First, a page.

Library of Congress exhibits gay rights history

Documents from gay rights history are on display for the first time at the Library of Congress as part of an exhibit on the nation’s constitutional history and civil rights protections.


Men and women picketed the White House on May 19, 1965, to protest what they called government discrimination against homosexuals. The demonstration was organized by the Mattachine Society of Washington, which said it was acting on behalf of “the nation's second largest minority” — 15 million homosexuals. Frank Kameny is the second picketer in the line. (File photo/UPI)

Though it was denied, Kameny’s was the first petition to the high court for a violation of civil rights based on sexual orientation. He argued that the government’s actions toward gays were an “affront to human dignity.”

“This inclusion is an epic milestone in the telling of gay history because it places gay Americans’ struggle for equality where it belongs — in the story of the Constitution itself,” Charles Francis, a founder of the Kameny Papers Project, told the Associated Press.

The library quietly placed the documents on view at the end of April in an exhibit called “Creating the United States,” which traces the evolution of the nation’s founding documents and legal framework. Organizers of the Kameny Papers Project, which donated about 50,000 items to the library in 2006, planned to announce the display Monday.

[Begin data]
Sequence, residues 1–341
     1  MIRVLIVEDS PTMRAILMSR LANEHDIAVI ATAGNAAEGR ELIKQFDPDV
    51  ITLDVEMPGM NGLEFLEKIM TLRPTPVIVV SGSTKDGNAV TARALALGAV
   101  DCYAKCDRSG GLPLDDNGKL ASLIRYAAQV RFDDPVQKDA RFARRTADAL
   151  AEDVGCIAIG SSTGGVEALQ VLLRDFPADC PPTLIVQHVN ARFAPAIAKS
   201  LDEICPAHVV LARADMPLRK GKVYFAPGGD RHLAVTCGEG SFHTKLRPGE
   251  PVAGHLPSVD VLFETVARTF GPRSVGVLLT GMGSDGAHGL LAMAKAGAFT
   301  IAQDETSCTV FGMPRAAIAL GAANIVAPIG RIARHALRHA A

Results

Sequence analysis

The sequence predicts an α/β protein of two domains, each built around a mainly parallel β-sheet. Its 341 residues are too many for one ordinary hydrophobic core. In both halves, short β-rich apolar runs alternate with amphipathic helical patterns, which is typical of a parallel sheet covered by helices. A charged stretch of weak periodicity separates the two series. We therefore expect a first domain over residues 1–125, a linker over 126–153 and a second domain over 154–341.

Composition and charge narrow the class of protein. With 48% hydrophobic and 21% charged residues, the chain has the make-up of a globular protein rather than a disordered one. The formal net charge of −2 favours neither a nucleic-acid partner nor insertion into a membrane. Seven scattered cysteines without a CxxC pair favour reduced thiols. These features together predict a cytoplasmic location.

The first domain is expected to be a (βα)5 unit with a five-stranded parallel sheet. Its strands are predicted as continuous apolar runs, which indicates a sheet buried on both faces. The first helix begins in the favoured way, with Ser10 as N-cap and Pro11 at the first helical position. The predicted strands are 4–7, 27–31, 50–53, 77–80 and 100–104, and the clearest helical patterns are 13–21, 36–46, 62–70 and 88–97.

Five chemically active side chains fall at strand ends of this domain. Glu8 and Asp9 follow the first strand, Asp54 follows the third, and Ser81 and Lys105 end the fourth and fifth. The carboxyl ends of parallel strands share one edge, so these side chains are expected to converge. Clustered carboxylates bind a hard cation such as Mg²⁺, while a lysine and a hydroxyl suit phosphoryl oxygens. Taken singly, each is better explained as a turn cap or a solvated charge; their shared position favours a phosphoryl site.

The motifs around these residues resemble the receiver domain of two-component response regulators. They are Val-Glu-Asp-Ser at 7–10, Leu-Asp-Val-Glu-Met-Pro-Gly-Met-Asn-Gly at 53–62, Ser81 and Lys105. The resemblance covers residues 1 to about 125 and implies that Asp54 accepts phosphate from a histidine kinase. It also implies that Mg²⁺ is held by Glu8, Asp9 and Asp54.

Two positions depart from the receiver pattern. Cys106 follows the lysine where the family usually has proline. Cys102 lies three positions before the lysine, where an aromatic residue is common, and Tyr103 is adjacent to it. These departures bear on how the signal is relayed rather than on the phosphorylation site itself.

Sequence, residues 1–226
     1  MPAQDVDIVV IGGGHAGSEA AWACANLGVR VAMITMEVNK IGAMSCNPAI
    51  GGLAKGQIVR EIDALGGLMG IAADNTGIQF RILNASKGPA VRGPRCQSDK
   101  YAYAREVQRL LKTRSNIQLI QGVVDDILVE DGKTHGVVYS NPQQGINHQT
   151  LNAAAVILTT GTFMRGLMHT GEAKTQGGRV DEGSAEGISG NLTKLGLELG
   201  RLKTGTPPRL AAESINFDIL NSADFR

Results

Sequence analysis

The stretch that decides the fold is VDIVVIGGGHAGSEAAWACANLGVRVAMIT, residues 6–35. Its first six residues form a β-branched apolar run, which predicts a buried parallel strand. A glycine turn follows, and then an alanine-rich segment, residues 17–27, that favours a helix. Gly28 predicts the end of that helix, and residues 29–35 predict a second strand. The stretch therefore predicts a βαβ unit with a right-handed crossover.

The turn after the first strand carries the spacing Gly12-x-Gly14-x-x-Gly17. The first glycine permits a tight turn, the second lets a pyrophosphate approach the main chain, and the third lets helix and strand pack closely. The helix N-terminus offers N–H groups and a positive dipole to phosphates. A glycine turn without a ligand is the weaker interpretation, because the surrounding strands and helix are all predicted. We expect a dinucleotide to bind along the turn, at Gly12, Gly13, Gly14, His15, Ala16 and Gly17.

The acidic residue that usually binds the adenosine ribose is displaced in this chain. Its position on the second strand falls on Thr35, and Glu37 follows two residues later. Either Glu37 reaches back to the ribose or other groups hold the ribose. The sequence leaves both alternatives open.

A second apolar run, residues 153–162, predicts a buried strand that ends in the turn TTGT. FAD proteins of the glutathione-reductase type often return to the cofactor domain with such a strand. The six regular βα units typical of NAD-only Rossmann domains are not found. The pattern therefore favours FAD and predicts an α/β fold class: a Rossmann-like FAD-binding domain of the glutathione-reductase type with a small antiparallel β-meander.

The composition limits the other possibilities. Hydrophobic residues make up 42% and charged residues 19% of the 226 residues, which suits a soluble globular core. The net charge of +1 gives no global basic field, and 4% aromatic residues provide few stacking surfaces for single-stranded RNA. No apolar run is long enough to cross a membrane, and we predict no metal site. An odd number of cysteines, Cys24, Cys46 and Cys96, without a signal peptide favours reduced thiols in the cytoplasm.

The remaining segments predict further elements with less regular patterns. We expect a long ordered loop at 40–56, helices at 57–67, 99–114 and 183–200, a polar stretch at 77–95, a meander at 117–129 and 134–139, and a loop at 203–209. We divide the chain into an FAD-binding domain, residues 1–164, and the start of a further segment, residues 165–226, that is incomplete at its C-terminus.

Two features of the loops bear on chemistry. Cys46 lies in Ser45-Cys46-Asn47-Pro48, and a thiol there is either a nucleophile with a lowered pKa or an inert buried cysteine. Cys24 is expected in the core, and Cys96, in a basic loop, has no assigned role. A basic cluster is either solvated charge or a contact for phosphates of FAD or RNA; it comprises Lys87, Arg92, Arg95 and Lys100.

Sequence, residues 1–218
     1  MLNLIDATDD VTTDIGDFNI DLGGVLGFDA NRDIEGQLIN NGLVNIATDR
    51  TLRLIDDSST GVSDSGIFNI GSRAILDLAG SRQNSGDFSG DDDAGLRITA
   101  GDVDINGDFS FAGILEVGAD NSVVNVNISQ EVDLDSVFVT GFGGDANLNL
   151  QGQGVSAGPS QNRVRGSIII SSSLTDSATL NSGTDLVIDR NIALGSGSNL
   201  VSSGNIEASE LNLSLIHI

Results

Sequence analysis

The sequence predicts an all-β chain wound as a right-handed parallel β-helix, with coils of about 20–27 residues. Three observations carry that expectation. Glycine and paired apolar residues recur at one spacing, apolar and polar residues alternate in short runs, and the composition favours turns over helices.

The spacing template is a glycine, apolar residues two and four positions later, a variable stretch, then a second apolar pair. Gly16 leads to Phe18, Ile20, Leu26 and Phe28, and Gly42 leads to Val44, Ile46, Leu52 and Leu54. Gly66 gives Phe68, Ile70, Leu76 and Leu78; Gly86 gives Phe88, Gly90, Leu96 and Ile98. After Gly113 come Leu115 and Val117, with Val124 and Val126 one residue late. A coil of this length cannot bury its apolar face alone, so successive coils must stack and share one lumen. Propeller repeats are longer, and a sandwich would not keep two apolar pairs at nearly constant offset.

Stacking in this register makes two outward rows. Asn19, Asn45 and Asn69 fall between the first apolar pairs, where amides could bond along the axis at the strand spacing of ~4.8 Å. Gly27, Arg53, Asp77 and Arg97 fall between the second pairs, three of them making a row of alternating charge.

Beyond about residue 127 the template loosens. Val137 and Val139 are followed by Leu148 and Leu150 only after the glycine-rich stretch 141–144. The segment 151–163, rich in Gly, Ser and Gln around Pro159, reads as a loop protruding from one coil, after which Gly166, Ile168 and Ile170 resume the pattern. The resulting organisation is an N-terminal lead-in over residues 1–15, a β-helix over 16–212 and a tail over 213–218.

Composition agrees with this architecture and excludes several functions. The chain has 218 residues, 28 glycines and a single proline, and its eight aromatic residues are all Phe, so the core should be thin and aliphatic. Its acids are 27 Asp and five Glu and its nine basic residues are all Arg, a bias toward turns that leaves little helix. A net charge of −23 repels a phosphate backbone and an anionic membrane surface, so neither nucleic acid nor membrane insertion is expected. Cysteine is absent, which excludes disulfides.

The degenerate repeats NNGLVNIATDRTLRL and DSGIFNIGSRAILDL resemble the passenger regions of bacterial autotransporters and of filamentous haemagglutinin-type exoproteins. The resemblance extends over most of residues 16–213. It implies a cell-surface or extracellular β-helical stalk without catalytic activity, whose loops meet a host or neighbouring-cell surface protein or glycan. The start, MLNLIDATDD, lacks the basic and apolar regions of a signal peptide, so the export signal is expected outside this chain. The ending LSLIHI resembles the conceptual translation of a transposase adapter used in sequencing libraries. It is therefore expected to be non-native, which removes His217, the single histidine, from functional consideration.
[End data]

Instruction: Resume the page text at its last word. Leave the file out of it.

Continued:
The library is also displaying a 1966 letter from the head of the U.S. Civil Service Commission under President Lyndon B. Johnson, justifying the firing based on the “revulsion of other employees.” It was introduced last year as evidence in the battle over gay rights in California to show a long pattern of treatment by the federal government.


Gay rights activist Frank Kameny, being honored in 2010 with a street sign bearing his name at 17th and R streets NW. (Sarah L. Voisin/THE WASHINGTON POST)

In 1965, Kameny was the first to stage a gay rights protest, with about 10 others, in front of the White House and later the Pentagon and elsewhere; among the signs demonstrators carried was the message: “Homosexuals Ask for the Right to the Pursuit of Happiness.” He also took on the American Psychiatric Association to successfully argue that being gay or lesbian shouldn’t be defined as a mental illness.

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